Tuesday, March 27, 2012

Of Cherry Blossoms and Plant Quarantines

The National Cherry Blossom Festival is this year celebrating the 100th anniversary of the planting of cherry trees in Washington, D.C. The trees planted during the spring of 1912, however, were not the first ones imported from Japan for the beautification of the Capitol. Two years earlier, on January 6, 1910, 2,000 flowering cherry trees arrived from Japan and were inspected by the U.S. Bureau of Entomology. Although the Bureau lacked authority to inspect private plant imports, acting chief Charles Marlatt determined that the trees were afflicted with "practically every pest imaginable" and should be destroyed. President Taft subsequently ordered the burning of the entire shipment, which took place at the Washington Monument.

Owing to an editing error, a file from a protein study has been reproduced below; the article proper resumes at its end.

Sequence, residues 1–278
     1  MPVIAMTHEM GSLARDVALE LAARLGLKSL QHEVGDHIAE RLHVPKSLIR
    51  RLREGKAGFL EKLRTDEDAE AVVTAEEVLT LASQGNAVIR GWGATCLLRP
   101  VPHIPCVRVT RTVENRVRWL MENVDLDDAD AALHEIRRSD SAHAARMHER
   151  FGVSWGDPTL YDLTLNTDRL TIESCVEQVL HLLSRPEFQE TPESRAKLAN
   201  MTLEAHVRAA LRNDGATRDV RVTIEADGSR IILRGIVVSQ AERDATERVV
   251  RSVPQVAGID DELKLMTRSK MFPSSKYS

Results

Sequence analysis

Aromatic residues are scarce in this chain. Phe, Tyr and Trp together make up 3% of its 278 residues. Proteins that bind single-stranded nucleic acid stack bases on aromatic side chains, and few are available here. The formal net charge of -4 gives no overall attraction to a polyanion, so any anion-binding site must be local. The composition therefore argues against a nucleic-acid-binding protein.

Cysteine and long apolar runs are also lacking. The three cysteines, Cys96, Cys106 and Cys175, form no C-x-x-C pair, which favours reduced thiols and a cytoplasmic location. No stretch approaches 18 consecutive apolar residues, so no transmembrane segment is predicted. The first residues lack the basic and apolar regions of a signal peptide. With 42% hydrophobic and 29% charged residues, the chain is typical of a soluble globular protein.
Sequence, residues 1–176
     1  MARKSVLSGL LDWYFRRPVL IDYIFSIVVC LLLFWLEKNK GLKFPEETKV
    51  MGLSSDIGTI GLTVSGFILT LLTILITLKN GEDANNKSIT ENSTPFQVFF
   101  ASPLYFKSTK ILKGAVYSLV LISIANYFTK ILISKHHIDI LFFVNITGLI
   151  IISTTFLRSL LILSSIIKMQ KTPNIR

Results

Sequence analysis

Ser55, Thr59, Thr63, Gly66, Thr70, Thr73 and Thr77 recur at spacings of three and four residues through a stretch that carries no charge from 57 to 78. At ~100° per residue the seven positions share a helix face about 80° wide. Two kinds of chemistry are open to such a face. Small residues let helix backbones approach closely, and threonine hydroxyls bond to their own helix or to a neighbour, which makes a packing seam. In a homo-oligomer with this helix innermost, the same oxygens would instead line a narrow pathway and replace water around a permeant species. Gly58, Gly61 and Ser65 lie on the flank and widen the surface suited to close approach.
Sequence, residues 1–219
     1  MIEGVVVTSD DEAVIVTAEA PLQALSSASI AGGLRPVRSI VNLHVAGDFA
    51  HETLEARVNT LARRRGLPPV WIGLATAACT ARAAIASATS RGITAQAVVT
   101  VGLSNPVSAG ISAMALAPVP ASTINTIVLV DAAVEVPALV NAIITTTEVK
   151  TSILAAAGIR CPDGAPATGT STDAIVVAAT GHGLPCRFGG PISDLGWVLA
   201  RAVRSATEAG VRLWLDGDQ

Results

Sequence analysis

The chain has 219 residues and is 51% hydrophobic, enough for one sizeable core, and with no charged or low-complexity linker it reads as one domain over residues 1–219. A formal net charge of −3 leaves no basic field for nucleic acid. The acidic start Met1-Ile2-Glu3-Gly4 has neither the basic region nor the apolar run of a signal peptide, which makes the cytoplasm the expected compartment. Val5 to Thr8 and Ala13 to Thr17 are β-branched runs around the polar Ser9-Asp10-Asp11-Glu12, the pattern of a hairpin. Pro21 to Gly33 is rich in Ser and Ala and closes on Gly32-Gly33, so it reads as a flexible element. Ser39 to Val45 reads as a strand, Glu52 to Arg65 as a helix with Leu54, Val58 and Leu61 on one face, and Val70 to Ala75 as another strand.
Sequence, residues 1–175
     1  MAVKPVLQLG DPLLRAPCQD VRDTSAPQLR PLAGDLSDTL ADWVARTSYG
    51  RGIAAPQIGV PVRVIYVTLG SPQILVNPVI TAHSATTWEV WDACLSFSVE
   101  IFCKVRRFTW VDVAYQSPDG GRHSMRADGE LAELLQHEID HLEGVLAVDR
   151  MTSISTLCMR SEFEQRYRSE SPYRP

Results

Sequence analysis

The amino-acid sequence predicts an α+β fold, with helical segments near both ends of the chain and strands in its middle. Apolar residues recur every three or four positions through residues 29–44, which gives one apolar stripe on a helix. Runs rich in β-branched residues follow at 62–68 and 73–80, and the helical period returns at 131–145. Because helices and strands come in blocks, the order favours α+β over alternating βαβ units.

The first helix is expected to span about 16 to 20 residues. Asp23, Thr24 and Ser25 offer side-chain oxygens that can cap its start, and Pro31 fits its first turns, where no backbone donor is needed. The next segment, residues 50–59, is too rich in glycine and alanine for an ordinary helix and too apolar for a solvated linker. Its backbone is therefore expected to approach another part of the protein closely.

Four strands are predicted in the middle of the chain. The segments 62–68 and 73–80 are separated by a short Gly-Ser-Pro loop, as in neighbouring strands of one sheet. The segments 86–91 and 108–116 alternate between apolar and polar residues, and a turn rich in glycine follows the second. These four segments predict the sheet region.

The controversy surrounding the cherry tree incident galvanized the passage of the Plant Quarantine Act of 1912, which established the Federal Horticultural Board and authorized plant quarantines. Prior to this, 39 states had enacted their own legislation regulating plant inspections. While the federal regulatory framework was being built, a second batch of 3,020 cherry trees was ordered from Japan. Fumigated before shipment and declared pest-free upon arrival, the first two trees were finally planted in the Capitol on March 12, 1912 by First Lady Taft and Viscountess Chinda, the Japanese Ambassador's wife.